So for the past 3 to 4 years, we have been on a mission to bring OpenStack to the public in the form of a public cloud provider, along with many features and capabilities of the platform.

Let’s talk about OpenStack for a bit. OpenStack is an open source project, led by the OpenStack Foundation. It consists of 100+ separate projects that work together to make up OpenStack. This has its benefits and disadvantages, just like anything. The benefit is that a very large number of people are working on projects that ultimately make OpenStack more capable, faster, and compatible with many other software initiatives, whether they be open source or commercial solutions. The disadvantage is that there are a very large number of people working on these projects, which creates bureaucracy with people working on things that benefit them, or have a lack of insight as to how many projects should be glued together. The disadvantages, though, are usually limited to little details that make you go “hmmm…”, making you wonder if someone really thought about the big picture when they designed/developed something. The community has done amazing things, and when you start to use OpenStack, it becomes very clear that there were millions of man hours invested and many people have poured their hearts and souls into it.

Onto our service. We are launching our OpenStack public cloud service, Genesis Public Cloud, as well as a basic VM offering, Genesis VMs, after years of work.

You are probably asking, why do we need another cloud provider? Having many choices in the market creates competition for features, performance, stability, scalability, and price. There is still plenty of room for all of these in the market, and while we don’t have the insane number of features that the hyperscale cloud providers have, we do have performance, stability, scalability, and price nailed. Our price/performance metrics easily beat all of our competition, which was by design. For example, no more worrying whether you have a Nitro instance or “EBS optimized” instance, or whether your instance has enough network bandwidth. All VM flavors are built on the fastest hardware with huge 100Gbps+ pipes. We will continue to add features as the OpenStack community develops them and scale out our platform as we grow - also by design.

Some features of our Genesis Public Cloud service include:
  • Super fast Xeon Gold Skylake 3.7GHz processors
  • FortiGuard-protected network edge
  • DDoS-protected network edge
  • Billing is on-demand with resource metering every 30 seconds
  • 30-second metering values can be used for alarm triggers
  • 3 VM types (compute-optimized, memory-optimized, and general purpose)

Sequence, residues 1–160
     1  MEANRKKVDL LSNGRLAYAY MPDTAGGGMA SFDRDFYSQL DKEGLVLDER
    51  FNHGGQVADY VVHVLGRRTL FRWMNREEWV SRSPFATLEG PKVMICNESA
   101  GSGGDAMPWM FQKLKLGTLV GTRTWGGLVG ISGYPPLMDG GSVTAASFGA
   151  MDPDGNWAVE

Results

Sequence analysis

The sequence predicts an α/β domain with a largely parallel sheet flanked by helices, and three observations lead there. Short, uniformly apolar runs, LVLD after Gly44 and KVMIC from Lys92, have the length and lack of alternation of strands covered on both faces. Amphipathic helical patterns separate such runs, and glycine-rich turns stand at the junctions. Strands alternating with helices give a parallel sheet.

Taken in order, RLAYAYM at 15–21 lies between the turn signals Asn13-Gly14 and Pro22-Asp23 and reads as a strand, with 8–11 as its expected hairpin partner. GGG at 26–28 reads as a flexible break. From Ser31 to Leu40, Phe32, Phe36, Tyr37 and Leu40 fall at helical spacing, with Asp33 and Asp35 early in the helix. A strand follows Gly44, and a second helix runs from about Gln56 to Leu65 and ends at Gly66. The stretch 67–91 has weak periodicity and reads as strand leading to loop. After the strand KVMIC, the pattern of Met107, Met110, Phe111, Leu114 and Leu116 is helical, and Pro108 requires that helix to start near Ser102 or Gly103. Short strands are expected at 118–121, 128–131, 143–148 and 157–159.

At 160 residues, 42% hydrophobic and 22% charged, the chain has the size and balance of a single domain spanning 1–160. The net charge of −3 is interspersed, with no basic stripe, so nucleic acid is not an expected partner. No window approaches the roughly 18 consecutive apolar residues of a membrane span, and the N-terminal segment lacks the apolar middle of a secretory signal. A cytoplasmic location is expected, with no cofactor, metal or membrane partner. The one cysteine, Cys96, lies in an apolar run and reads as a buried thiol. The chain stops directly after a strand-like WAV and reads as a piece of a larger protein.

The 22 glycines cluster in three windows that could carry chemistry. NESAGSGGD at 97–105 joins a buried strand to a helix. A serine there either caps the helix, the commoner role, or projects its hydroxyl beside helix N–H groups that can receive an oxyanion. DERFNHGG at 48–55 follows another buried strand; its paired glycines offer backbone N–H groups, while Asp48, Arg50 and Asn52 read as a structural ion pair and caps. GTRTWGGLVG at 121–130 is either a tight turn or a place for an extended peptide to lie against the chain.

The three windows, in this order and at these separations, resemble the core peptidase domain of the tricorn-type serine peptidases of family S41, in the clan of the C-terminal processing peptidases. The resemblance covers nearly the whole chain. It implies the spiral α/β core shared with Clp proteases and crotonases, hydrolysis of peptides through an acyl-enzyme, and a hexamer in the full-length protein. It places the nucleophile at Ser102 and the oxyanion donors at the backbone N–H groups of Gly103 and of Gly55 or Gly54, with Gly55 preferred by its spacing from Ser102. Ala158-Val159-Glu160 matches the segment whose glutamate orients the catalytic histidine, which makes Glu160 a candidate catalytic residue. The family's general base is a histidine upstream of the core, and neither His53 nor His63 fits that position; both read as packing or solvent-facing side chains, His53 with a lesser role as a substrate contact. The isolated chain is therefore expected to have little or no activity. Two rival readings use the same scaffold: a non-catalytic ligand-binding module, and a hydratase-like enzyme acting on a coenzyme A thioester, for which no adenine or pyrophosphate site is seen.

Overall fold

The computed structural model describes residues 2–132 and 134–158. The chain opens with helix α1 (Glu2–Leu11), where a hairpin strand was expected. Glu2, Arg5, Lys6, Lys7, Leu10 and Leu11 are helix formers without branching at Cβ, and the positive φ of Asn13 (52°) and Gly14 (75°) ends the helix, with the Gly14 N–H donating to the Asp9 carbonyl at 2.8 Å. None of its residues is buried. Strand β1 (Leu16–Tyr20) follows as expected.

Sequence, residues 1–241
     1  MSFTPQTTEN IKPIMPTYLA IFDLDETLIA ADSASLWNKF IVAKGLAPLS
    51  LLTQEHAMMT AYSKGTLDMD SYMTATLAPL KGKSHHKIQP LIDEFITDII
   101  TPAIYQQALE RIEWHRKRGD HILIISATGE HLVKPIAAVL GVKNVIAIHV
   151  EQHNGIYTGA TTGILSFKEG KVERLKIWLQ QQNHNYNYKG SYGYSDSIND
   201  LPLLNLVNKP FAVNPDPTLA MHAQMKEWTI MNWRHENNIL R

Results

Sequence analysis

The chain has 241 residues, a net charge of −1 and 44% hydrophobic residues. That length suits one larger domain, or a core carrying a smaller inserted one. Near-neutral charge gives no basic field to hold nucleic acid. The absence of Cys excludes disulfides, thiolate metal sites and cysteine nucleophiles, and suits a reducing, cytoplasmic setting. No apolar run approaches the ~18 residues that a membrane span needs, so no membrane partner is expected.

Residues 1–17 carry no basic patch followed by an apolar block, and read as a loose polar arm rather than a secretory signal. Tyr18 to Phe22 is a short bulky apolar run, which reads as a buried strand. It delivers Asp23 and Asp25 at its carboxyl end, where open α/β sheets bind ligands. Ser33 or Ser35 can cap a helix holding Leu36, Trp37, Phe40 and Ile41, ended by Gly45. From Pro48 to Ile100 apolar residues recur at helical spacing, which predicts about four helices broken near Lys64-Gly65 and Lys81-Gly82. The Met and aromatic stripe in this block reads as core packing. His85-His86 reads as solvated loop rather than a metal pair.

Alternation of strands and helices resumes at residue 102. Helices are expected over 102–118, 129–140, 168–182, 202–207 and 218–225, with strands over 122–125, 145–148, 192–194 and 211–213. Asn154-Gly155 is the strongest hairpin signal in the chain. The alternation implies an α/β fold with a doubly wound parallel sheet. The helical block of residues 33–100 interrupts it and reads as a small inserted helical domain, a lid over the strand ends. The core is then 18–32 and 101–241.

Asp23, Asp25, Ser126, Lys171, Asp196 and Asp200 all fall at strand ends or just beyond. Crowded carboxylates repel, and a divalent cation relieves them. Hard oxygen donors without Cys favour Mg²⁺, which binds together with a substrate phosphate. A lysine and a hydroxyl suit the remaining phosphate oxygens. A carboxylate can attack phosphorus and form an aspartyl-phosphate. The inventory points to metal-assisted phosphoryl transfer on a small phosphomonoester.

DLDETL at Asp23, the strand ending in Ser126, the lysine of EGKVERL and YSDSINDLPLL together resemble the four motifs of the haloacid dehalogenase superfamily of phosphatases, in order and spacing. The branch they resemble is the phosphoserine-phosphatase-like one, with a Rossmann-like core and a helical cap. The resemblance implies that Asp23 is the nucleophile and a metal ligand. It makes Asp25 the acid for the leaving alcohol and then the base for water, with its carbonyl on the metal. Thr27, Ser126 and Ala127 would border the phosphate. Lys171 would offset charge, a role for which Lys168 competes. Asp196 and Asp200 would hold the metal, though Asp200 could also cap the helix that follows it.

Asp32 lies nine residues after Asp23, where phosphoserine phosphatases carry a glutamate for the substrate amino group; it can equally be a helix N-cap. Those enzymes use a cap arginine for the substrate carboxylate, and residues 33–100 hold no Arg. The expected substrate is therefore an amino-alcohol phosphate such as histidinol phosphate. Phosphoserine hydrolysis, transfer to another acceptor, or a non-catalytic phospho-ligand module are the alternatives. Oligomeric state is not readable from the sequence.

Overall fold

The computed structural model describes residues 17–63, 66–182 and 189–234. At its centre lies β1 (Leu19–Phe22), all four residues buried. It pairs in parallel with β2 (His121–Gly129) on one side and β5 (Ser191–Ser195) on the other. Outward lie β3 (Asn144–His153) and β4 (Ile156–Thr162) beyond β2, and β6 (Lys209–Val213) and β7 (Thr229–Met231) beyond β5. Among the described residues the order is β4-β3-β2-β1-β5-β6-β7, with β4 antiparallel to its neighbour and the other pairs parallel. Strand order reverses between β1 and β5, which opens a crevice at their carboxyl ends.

• Shared and dedicated core VM types
  • 14 volume types (5 general purpose SSD, 2 spindle types, and 7 provisioned iops types)
  • Low-cost Archive and Throughput-optimized spindle storage
  • Ultra low-latency (<0.5ms) NVMe-connected replicated networked SSD storage
  • Dual 100Gbps connected nodes (compute, load balancers, network nodes, etc.)
  • Inexpensive $0.005/GiB VM egress traffic (including Internet-bound traffic)
  • HA routers with NAT Gateway built-in
  • HA load balancers with dedicated resources for load balancers
  • Distributed routing
  • Jumbo frame support (up to 9150 bytes)
  • Nested hypervisors enabled
  • Low-cost $0.01/GiB/month object storage that is Swift and S3 compatible
  • Object storage has no early deletion fees, transaction fees, nor bandwidth costs
  • VM image storage with image upload/download
  • Inline snapshots using point-in-time virtual images
  • Group snapshots
  • Backups (like AWS snapshots) onto object storage with compression included
  • Image library with most commonly used images (CentOS, Ubuntu, Debian, Fedora, FreeBSD, Windows Server 2012R2, 2016, and 2019)
  • Automatic Windows licensing
  • Public DNS authoritative DNS servers controlled using OpenStack
  • Forward and Reverse DNS set using standard OpenStack commands
  • HEAT orchestration
  • Firewalls controlled using OpenStack
  • VPN tunnels controlled using OpenStack
  • Affinity groups for servers
  • Cluster management
  • Alarms
  • Secure Secrets Storage
  • Metered data available for querying (Gnocchi)
  • Cloudkitty is used for billing, so standard Cloudkitty queries can be used to determine costs in real-time

In addition, we have introduced our Genesis Backup service, which provides OS-level backups. Available for Linux, MacOS, and Windows, this allows you to perform file, database, and image-level backups/restores for more granular control of your data backups. Backups are compressed and incremental, with retention settings set to whatever you want, including unlimited. Backups can be performed real-time or on a schedule. Windows Desktop and Server are supported with the same product.